Title 24-A M.R.S.A. § 6203 requires that each director and officer of the Company complete a conflict of interest statement annually to disclose any material interest or affiliation which is likely to be in conflict with his/her official duties and responsibilities with the Company. The Company was unable to provide any conflict of interest statements for 1999 and 2000. (See Comment and Recommendation #4)


The Company was granted a Final Certificate of Authority to operate as a life care community within the meaning of 24-A M.R.S.A. § 6202 on December 14, 1999 subject to certain terms and conditions.


The examiners conducted a review of the process used in recording assets and liabilities of the Company and the controls in place to verify the value reported. Some weaknesses were observed with the most significant listed here:


The examiners did not encounter any difficulties experienced by the Company's Certified Public Accountants as referenced in the Board of Directors' Minutes of February 27, 2002; however, regular and timely reconciliation of accounts was not evidenced for the period being examined. It is essential that monthly reconciliations be performed on a timely basis for all significant accounts in order to ensure the monthly financial statements are accurate. (See Comments and Recommendations #1)

Transactions as they relate to work performed by RLS are recorded in the month following the month in which they occur. This reporting lag is a significant item in the account reconciliation process and results in inaccurate reporting of cash and construction in progress balances in the monthly financial statements provided to the board of directors. (See Comments and Recommendations #2)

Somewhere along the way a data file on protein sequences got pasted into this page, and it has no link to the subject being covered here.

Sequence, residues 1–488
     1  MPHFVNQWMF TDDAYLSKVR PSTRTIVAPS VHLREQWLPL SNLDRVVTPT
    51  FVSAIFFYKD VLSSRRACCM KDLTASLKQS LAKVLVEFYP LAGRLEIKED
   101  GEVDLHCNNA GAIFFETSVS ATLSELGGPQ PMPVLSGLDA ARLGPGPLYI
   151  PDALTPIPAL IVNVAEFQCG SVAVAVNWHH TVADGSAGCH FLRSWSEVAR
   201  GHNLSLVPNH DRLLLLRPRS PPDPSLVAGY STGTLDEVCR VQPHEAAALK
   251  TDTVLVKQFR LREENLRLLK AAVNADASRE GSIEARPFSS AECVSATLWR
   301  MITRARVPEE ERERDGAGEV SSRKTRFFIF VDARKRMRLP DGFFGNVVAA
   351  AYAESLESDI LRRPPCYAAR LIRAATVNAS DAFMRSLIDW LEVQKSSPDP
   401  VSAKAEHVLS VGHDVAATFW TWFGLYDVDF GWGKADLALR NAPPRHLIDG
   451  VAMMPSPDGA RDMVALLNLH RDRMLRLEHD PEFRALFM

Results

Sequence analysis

The examiners were provided with a list of bank accounts and bank confirmations were requested from all institutions. Bank reconciliations were reviewed. A test sample was selected to verify procedures for cash receipts and disbursements were being followed.

It was noted during the review that bank reconciliations were not completed in a timely manner and voucher approval for an invoice payable to LCS was authorized by an LCS employee. (See Comments and Recommendations #3) It was also noted that the amount refunded due to the death of a resident exceeded the contractual amount due. (See Comments and Recommendations #1)

Fixed Assets

The Company provided the examiners with a detailed fixed asset schedule as of December 31, 2001. The examiners reviewed the purchasing procedures including the approval process. A review of the fixed asset schedule indicated that certain assets were being depreciated using a life other than the life indicated in the schedule, and that the correct acquisition date was not being applied in the calculation of accumulated depreciation as of the balance sheet date. (See Comments and Recommendations #1)

Construction in Process

The Company contracted with RLS to manage the construction of the project. In accordance with the agreement, RLS maintains the accounting records for construction in process and reports the activity to the Company on a monthly basis. At March 31, 2002, the construction in process account did not include RLS construction activity for the month of March 2002. The examiners were advised that RLS construction activity is booked on a one month lag for all months except December. (See Comments and Recommendations #2)

Bond Issue Cost

A schedule of the bond issue costs was provided to the examiners which did not agree to the value carried in the balance sheet. In addition, a portion of the carried asset pertained to fees associated with construction loans. Construction loan expenses should either be capitalized as part of the construction in process or expensed. (See Comments and Recommendations #1)